Nuclear Weapons and Law

By Arthur Selwyn Miller; Martin Feinrider | Go to book overview

20.

Letter from the Government *

William H. Taft, IV **

July 15, 1982
Articles Editor
Nova Law Review
3100 S.W. 9th Avenue
Fort Lauderdale, Florida 33315
You have written to both Secretary Weinberger and me inviting us to comment in your law review on the issues raised in Professor Arthur Miller's article “Nuclear Weapons and Constitutional Law.” This letter is in response to both invitations. We appreciate very much the opportunity thus provided.

Professor Miller's article suggests that officers of the federal government are under a constitutional duty to take action to eliminate the threat to American lives, liberty, and property posed by nuclear weapons. It is not necessary to agree with Professor Miller's constitutional analysis, much of which he himself characterizes as tentative and even far-fetched, to recognize the responsibility of government officials in this regard. Quite apart from the implicit powers and duties derived from the doctrine of raison d'état, which Professor Miller evidently views with some ambivalence, ***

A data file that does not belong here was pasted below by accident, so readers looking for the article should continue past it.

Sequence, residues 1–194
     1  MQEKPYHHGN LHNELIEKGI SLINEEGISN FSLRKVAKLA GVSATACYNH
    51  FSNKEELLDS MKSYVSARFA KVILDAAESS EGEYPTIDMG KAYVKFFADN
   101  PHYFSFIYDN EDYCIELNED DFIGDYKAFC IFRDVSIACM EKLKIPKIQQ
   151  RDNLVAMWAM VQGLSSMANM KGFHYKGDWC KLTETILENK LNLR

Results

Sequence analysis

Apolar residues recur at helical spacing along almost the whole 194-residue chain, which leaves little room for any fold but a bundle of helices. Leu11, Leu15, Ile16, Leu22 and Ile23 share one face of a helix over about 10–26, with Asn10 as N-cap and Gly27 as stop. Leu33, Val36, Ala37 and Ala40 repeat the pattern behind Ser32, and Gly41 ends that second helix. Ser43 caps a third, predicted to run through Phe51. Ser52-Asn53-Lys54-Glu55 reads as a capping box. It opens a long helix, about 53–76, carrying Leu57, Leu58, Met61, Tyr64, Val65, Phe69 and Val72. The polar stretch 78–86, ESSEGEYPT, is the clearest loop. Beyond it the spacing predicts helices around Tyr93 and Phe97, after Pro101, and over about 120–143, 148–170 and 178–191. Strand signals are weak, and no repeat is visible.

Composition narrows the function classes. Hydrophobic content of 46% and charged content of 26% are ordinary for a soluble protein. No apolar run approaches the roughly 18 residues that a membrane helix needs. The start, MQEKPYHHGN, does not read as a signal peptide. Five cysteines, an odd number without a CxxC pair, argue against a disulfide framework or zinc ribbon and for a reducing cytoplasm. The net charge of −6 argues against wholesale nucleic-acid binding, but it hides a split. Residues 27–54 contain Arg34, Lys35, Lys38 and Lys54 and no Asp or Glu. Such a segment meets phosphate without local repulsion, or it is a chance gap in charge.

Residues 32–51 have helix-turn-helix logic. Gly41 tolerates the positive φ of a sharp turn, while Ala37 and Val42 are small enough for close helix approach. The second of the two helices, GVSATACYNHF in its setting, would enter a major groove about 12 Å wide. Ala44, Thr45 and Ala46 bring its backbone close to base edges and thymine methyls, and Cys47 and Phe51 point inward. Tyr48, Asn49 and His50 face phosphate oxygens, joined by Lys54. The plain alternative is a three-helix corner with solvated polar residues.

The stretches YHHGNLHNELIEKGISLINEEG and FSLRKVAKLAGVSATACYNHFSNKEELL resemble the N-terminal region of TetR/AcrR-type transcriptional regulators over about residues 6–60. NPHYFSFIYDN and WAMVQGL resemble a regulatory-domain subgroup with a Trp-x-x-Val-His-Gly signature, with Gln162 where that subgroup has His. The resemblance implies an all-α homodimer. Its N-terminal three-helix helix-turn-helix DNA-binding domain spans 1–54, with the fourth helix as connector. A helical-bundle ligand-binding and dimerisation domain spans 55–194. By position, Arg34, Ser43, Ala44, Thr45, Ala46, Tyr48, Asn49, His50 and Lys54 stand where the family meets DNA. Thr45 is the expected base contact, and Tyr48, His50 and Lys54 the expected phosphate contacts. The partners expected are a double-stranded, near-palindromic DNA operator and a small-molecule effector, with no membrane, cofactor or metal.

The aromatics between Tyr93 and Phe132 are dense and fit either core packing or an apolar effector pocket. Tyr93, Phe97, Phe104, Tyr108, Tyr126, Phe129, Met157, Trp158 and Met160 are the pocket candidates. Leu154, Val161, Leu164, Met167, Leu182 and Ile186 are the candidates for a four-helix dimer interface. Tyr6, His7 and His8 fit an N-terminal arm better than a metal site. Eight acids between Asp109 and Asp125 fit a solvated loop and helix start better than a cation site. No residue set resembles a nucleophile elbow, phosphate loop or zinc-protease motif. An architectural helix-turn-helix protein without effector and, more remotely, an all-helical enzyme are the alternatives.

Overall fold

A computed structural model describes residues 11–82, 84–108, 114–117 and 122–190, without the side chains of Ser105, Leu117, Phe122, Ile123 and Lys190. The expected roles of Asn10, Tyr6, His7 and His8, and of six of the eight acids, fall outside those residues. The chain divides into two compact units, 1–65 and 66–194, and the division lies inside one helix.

* Reprinted, with permission, from Nova Law Journal, Volume 7, Number 1 (1982).

** General Counsel of the Department of Defense.

*** Professor Miller's ambivalence arises, I believe, from a misunderstanding of the relationship between national security in the context of international affairs and personal security. Professor Miller perceives a tension between the interests of the state in maintaining its authority and individual rights. While this tension undoubtedly exists in a domestic context, with regard to threats to individual rights by foreign countries, national security and personal security are interdependent: the survival of the state is what in this context preserves the individual rights secured by the Constitution. Threats from nuclear weapons arise, needless to say, only in an international context.

-337-

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